Cardioprotective effects of diabetes drugs examined
AHA Scientific Sessions 2011
ORLANDO, Fla. — In the past, research has linked various diabetes medications, including acarbose and insulin, with cardiovascular benefits. Now, physicians and researchers are investigating both old and new diabetes treatments as potential preventive therapies for CVD.
Promise for SGLT2 inhibitors
During a presentation here, Bruce Neal, PhD, of the George Institute for Global Health in Sydney, Australia, highlighted SGLT2 inhibitors as one new class of drugs that may have cardioprotective effects. Clinical trials currently associate SGLT2 inhibitors, such as dapagliflozin (Bristol-Myers Squibb, AstraZeneca), with reductions in HbA1c, weight loss, systolic and diastolic blood pressure, and slight positive changes in lipid profiles. Studies have also confirmed the initial CV safety of SGLT2 inhibitors, Neal said.
"SGLT2 inhibitors have moderate impact on HbA1c, but just how this translates to effects on CVD remains uncertain," Neal said. "However, setting aside possible independent effects [that might also affect the development of CVD], the decreases in HbA1c and BP alone would likely lead to a 15% reduction in risk for major adverse CV events — an effect that would make this class a very reasonable prospect. We don't have clear evidence of CV protection, but at the moment, the data look positive rather than negative."
The older, already FDA-approved drug acarbose may also be a viable option, as it could potentially target postprandial glycemia as a risk factor for CVD, Rury R. Holman, FRCP, of the Oxford Centre for Diabetes, Endocrinology & Metabolism in the United Kingdom, said.
Several trials have associated acarbose with reductions in postprandial glucose and subsequent decreases in CVD risk factors. The Study to Prevent Noninsulin-Dependent Diabetes Mellitus (STOP-NIDDM), for example, revealed a 49% RR reduction for development of CV events in patients with impaired glucose tolerance in a secondary analysis. Similarly, data from a study in Japan linked acarbose with improved postprandial flow-mediated dilation and, thus, improved endothelial function.
To further investigate this association, Holman and colleagues are conducting the Acarbose Cardiovascular Evaluation (ACE) study - a multicenter, double blind, randomized controlled trial designed to assess potential CV benefits of acarbose in 7,500 patients with preexisting CVD and IGT. The study will be at 50% recruitment by the end of 2011 and results are expected in 2017, he said.
"When acarbose first came to the market in the late 1990s, it was seen as a head-to-head HbA1c-lowering drug," Holman said. "If its only impact is on postprandial glucose, it can only ever modestly reduce HbA1c. The drug is really meant to be given in combination, so if it was to be a CV-protecting drug, maybe there is some way to easily roll it out in other doses."
Hertzel C. Gerstein, MD, of McMaster University in Ontario, Canada, said some data also support the potential CV benefits of using insulin to normalize glucose for both patients with type 1 and type 2 diabetes.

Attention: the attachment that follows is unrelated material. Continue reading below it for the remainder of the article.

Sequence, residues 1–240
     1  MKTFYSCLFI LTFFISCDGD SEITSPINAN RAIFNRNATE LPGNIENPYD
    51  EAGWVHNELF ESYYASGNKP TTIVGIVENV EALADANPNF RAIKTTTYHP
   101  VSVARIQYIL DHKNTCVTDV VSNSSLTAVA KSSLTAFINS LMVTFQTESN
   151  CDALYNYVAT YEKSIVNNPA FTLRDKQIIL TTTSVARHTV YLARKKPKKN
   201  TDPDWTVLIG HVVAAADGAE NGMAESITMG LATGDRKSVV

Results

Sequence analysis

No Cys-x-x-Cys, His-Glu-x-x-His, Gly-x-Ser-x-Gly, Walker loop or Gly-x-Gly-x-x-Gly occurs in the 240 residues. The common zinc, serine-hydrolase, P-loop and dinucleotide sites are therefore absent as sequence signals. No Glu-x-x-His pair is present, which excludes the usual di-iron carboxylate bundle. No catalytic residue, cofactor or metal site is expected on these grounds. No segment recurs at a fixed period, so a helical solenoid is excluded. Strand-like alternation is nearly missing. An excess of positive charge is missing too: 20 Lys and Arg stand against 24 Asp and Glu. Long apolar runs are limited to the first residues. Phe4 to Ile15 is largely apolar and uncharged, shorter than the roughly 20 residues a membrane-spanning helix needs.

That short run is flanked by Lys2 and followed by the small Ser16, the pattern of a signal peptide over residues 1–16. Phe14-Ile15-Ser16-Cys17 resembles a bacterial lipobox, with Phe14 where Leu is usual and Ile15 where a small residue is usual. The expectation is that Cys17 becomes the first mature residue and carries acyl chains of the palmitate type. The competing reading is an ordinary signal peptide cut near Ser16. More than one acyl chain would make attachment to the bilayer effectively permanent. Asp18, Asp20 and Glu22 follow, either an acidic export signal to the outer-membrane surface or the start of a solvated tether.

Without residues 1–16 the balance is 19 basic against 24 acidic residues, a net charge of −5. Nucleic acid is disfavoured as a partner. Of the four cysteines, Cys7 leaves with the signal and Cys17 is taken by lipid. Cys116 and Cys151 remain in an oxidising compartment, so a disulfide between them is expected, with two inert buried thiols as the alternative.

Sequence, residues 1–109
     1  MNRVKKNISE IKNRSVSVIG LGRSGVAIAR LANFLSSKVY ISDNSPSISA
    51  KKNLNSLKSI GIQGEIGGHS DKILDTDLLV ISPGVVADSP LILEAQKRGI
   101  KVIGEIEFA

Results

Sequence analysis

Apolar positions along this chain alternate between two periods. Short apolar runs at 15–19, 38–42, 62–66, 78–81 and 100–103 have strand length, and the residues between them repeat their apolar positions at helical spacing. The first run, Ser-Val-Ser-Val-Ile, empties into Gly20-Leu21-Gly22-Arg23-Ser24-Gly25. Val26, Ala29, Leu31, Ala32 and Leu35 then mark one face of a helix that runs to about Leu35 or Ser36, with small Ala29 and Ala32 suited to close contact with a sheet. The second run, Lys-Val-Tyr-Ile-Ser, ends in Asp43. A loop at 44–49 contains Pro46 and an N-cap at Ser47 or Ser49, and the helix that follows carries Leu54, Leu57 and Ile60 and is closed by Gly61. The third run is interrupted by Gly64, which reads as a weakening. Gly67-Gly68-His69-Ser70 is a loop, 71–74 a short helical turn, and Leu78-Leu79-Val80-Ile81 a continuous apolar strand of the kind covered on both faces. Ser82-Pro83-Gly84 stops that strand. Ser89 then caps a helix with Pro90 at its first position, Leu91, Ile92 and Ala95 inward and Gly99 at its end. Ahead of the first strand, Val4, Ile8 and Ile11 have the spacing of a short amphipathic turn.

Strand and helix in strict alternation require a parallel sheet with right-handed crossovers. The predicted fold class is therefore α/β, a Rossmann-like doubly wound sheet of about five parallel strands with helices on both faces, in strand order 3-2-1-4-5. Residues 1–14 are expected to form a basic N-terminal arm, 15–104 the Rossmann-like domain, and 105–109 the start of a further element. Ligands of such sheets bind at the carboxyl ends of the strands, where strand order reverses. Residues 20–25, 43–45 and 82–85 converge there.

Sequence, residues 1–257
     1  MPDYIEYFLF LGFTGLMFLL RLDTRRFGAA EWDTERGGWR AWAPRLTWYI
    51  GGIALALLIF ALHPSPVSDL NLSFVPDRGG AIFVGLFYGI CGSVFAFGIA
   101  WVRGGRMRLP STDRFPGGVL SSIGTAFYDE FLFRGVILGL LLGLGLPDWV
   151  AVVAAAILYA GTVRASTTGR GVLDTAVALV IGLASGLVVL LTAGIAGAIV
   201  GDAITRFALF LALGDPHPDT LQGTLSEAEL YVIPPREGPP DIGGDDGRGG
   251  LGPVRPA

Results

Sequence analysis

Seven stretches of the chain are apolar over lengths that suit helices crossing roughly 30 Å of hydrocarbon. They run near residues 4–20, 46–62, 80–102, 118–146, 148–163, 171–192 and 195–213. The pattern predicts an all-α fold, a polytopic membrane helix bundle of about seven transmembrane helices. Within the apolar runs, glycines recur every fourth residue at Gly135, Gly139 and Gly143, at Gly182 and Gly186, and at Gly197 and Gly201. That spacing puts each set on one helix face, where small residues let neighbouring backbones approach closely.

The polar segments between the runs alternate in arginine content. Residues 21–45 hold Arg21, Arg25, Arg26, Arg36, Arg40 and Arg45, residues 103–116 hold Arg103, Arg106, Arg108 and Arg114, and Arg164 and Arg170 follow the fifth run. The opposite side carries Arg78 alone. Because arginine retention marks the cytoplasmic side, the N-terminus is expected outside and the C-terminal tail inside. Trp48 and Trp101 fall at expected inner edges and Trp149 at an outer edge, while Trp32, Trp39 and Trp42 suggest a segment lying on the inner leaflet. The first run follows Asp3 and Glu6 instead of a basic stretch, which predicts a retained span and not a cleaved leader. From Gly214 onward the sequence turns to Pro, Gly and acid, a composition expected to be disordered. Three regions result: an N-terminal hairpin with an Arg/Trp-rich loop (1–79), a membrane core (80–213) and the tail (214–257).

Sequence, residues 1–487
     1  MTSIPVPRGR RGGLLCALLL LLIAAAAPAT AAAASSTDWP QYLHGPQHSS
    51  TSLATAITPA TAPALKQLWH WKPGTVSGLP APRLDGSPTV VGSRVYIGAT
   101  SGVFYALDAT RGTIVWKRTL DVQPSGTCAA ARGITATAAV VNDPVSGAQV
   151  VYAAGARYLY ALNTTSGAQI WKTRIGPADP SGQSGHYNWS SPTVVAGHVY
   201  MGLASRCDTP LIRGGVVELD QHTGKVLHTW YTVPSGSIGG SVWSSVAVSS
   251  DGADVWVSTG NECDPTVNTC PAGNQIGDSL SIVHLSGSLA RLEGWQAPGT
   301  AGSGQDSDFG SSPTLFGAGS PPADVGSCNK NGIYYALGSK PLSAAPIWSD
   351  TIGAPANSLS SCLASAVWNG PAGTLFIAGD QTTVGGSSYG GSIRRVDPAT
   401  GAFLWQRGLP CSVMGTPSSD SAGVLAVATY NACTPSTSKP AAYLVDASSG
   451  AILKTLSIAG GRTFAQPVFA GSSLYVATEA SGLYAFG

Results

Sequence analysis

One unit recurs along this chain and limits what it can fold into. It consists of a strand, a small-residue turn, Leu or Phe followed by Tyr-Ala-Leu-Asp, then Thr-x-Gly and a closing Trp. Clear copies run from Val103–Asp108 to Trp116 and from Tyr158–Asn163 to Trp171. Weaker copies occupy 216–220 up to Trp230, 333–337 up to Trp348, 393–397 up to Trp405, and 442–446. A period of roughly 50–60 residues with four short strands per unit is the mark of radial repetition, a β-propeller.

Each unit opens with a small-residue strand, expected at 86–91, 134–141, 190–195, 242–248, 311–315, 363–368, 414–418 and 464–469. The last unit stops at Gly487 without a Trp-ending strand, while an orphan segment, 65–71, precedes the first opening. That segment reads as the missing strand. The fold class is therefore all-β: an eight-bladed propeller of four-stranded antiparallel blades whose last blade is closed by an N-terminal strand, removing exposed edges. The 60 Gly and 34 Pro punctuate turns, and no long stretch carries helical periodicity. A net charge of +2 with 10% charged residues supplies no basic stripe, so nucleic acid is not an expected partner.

For example, he said, the DCCT in patients with type 1 diabetes indicated that those who were randomly assigned to receive intensive insulin therapy vs. less intensive therapy had a 42% lower risk for CV events after 20 years.
Similarly, in the United Kingdom Protective Diabetes Study (UKPDS), patients with type 2 diabetes who were randomly assigned to a policy of intensive glucose control with insulin therapy or a sulfonylurea as a first-line therapy had a 15% reduction in risk for myocardial infarction and a 13% reduction in risk for all-cause mortality during 20 years of follow-up, Gerstein noted. Furthermore, a meta-analysis of trials comparing intensive glucose-lowering with less intensive treatment, including the UKPDS, ACCORD, ADVANCE and the Veterans Affairs Diabetes Trial (VADT), suggested that intensive glycemic control was associated with a modest 9% reduction in risk for major adverse CV events and a 15% reduction in risk for MI.
Gerstein and colleagues are also conducting their own large, international study, the Outcome Reduction with an Initial Glargine Intervention (ORIGIN) trial, to determine whether insulin glargine (and/or omega-3 fatty acids can decrease CV events in patients with early dysglycemia, defined as impaired fasting glucose, IGT, new diabetes or diabetes treated with no more than one oral agent). In the process, they also hope to address the effect of insulin on other outcomes such as cancer and cognitive decline. Enrollment occurred between 2003 and 2005, and complete results will be presented in 2012.
"Although there is sufficient evidence to hypothesize that early insulin therapy with basal insulin may reduce serious health outcomes, we need clear evidence regarding the risks and benefits of such an approach," Gerstein said. "The ORIGIN trial should shed more light on this important question that has remained unanswered since insulin was first used to treat diabetes almost 90 years ago." - by Melissa Foster
For more information:
- McGuire DK. Drugs for diabetes: Current knowledge and ongoing trials. Presented at: American Heart Association 2011; Nov. 12-16, 2011; Orlando, Fla.
Disclosure: Dr. Gerstein has received research grants or honoraria from or has been a consultant, speaker or advisory board member for Bayer, GlaxoSmithKline, Janssen Ortho, Lilly, Sanofi Aventis and Novo Nordisk. Dr. Holman has received research grants or honoraria from or has been a consultant, speaker or advisory board member for Amylin, Bayer, Lilly, Merck, Novartis and Novo Nordisk. Dr. Neal has received research grants or honoraria from or has been a consultant, speaker or advisory board member for AstraZeneca, Pepsico, Unilever and United Health Care Group.
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